Note for Attendees

Refreshments will be served at 2:45 p.m. in ESB 4133, the PIMS Lounge.
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Jay Newby
University of North Carolina, Chapel Hill
Mon 22 Jan 2018, 12:00pm SPECIAL
ESB 4133 (PIMS Lounge)
Seminar Talk in Math Biology, Applied Stochastics: How molecular crowding is changing our understanding of spatial patterning in living cells
ESB 4133 (PIMS Lounge)
Mon 22 Jan 2018, 12:00pm-1:00pm

Details


Molecular crowding has recognized consequences for biological function. However, there are also circumstances in which un-crowding is important that is, when molecules must evacuate from a region before a given process can occur. One example is offered by the T cell, where large surface molecules must evacuate from a region to allow for the T cell to interact with its target, thereby facilitating immune function. Evacuation is fundamentally stochastic and spatial, since diffusion is a major driver. Studies of molecular evacuation present mathematical and computational challenges. For example, in some scenarios, it is a "rare event", making straightforward simulation unfeasible. To obtain a complete picture of diffusional evacuation, we use a combination of perturbation theory and numerical simulation. I will also show evidence of persistent un-crowding in living fungal cells. Based on our understanding of diffusional evacuation, we know that diffusion alone cannot explain these observations. I will discuss our current efforts to quantify and resolve how fungal cells control un-crowding.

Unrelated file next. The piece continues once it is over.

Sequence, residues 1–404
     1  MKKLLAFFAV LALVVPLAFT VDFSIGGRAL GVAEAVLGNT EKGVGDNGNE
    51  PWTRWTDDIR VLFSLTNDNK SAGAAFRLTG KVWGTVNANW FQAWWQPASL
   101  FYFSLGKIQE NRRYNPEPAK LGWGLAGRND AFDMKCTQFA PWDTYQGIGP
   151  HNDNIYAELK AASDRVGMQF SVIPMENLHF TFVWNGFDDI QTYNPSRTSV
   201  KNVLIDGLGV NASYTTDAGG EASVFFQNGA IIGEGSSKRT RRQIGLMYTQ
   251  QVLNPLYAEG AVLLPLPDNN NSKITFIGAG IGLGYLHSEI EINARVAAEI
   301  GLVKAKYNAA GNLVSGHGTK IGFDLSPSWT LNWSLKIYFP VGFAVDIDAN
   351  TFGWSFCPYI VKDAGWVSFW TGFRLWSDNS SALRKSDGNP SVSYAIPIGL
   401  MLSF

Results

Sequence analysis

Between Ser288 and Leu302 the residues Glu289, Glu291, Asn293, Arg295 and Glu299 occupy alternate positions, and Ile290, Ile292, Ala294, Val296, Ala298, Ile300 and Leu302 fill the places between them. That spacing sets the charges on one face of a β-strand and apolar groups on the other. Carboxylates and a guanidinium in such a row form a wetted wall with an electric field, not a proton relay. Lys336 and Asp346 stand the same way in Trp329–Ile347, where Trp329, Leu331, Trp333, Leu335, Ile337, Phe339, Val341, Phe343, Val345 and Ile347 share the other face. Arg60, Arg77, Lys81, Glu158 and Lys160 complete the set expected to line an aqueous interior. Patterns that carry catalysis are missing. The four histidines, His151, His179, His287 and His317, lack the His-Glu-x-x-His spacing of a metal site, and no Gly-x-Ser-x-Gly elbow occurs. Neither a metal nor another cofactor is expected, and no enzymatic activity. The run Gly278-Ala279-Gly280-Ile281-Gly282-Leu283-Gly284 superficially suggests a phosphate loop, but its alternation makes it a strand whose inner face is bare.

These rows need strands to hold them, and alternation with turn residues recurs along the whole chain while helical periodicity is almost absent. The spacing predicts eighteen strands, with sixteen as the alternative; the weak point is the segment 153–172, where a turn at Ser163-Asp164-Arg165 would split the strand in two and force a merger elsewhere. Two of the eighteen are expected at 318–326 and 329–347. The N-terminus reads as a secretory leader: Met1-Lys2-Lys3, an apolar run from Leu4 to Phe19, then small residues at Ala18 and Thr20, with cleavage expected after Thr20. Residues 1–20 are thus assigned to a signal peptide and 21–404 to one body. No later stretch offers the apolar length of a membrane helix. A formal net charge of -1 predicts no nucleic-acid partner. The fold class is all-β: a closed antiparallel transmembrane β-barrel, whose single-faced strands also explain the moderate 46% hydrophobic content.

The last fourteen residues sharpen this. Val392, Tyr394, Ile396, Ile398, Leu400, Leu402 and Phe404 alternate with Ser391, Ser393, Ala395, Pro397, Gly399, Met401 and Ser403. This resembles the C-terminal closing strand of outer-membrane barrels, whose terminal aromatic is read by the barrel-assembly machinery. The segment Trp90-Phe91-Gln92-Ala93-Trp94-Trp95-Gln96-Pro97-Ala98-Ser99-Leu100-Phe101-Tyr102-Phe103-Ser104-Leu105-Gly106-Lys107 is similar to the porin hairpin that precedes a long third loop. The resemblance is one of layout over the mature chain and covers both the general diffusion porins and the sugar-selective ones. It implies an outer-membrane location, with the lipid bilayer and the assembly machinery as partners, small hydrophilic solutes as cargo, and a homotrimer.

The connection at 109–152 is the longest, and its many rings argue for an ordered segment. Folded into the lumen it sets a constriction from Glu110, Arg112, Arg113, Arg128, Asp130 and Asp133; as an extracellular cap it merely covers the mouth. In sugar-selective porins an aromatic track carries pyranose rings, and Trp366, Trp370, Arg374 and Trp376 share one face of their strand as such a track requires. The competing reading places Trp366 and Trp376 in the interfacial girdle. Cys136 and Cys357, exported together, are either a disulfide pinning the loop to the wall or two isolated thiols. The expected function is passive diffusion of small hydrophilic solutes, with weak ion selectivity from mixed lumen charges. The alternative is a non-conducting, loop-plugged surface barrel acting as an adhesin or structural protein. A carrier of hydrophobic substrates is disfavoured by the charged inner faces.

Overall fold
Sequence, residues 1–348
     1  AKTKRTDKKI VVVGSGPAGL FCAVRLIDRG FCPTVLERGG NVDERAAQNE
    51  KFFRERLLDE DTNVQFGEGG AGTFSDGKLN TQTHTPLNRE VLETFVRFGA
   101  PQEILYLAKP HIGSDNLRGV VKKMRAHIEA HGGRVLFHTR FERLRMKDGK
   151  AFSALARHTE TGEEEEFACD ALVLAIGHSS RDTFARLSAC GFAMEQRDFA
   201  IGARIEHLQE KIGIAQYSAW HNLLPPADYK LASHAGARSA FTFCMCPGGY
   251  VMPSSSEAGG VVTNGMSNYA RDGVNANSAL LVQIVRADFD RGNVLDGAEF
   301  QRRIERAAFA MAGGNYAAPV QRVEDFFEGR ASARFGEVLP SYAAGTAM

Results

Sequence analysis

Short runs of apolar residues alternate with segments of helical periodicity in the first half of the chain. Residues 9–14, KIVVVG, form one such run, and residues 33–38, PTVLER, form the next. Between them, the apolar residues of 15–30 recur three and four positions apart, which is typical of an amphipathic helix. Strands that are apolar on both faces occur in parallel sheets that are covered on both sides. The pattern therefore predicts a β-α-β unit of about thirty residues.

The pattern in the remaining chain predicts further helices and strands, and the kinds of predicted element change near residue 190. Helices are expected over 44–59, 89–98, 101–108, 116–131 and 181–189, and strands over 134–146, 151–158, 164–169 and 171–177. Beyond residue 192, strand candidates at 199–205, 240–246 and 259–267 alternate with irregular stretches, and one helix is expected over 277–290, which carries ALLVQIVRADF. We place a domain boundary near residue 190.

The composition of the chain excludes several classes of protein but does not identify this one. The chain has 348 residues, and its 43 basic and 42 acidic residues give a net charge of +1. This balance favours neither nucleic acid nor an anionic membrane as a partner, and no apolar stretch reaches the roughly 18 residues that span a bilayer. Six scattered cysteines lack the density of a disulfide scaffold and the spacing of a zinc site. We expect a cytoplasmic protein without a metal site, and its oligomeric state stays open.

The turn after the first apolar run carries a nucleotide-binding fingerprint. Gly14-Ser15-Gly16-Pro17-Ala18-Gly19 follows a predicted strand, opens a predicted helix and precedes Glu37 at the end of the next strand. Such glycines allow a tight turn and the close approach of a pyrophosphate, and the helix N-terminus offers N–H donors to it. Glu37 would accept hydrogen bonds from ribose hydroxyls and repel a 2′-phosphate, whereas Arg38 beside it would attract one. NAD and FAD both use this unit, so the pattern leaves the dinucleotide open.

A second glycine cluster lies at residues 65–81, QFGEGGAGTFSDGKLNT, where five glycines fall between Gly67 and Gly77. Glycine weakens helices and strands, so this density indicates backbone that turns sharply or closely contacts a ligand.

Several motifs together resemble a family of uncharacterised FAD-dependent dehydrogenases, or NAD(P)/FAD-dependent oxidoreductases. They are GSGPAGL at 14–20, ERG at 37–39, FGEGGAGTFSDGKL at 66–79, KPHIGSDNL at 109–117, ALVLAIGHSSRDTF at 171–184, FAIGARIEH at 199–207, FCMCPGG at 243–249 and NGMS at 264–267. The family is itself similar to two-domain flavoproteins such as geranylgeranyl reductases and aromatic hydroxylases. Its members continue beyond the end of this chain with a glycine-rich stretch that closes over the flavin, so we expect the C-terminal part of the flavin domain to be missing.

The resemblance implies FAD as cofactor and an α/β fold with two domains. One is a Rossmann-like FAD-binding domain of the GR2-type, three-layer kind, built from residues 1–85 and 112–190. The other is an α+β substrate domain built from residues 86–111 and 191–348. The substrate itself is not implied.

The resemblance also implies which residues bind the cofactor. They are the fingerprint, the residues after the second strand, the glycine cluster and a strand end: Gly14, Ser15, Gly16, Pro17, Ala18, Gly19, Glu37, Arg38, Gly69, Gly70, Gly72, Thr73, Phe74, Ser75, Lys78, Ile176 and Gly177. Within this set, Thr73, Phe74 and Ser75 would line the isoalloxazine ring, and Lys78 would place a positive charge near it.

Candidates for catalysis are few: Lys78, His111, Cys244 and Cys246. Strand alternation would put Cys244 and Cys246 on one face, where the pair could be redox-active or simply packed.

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Cornell Statistical Science and Biological Statistics & Computational Biology
Mon 22 Jan 2018, 3:00pm SPECIAL
Institute of Applied Mathematics
ESB 2012
An ODE to Statistics: Inference about Nonlinear Dynamics
ESB 2012
Mon 22 Jan 2018, 3:00pm-4:00pm

Abstract

Ordinary differential equation models are used extensively within mathematics as descriptions of processes in the real world. However, they are rarely employed by statisticians and there is a paucity of methods for combining differential equation models with data. This talk provides a survey of recently developed statistical methods for estimating parameters from data, conducting model criticism and improvement for differential equation models in the light of data, and designing experiments that yield optimal estimates of parameters. It ends with some perspectives on the current state of the field and open problems.

Note for Attendees

Reception before the talk in ESB 4133 (the PIMS lounge). This is in the IAM/PIMS distinguished speaker series.
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Saskatchewan
Mon 22 Jan 2018, 4:00pm
Algebraic Geometry Seminar
MATH 126
Asymptotic geometry of hyperpolygons
MATH 126
Mon 22 Jan 2018, 4:00pm-5:00pm

Abstract

Nakajima quiver varieties lie at the interface of geometry and representation theory.  I will discuss a particular example, hyperpolygon space, which arises from star-shaped quivers.  The simplest of these varieties is a noncompact complex surface admitting the structure of an "instanton", and therefore fits nicely into the Kronheimer-Nakajima classification of ALE hyperkaehler 4-manifolds, which is a geometric realization of the McKay correspondence for finite subgroups of SU(2).  For more general hyperpolygon spaces, we speculate on how this classification might be extended by studying the asymptotic geometry of the variety.  In moduli-theoretic terms, this involves driving the stability parameter for the quotient to an irregular value.  This is joint work in progress with Harmut Weiss, building on previous work with Jonathan Fisher.
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Jay Newby
University of North Carolina, Chapel Hill
Tue 23 Jan 2018, 3:45pm SPECIAL
Department Colloquium
ESB 2012 (PIMS)
Weaker is better: how weak transient molecular interactions give rise to robust, dynamic immune protection
ESB 2012 (PIMS)
Tue 23 Jan 2018, 3:45pm-4:45pm

Abstract